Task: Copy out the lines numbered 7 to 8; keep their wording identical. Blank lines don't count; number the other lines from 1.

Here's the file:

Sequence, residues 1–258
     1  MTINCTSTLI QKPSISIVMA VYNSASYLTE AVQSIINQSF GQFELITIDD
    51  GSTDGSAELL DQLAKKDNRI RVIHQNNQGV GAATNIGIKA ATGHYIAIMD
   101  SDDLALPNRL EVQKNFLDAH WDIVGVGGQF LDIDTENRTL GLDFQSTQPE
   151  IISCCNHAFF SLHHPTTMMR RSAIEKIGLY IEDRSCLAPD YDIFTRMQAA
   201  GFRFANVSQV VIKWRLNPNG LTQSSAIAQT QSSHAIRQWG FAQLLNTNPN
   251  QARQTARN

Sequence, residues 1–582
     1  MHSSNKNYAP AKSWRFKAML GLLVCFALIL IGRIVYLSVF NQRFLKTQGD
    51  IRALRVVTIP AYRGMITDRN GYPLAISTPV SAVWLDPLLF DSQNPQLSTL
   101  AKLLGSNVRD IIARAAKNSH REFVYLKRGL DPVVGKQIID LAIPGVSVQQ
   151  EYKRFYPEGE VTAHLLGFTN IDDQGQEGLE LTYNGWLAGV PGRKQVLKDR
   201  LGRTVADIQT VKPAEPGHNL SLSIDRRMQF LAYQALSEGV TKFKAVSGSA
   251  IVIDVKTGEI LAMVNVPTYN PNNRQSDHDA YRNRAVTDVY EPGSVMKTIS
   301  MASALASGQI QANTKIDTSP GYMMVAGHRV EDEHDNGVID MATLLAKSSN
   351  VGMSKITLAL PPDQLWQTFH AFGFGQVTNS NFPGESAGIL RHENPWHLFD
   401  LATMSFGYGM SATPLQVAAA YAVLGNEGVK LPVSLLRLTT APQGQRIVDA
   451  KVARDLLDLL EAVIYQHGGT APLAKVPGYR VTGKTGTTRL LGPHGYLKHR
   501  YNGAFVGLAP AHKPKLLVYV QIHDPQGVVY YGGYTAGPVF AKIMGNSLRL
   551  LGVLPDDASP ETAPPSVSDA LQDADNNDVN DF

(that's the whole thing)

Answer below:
   251  QARQTARN

Sequence, residues 1–582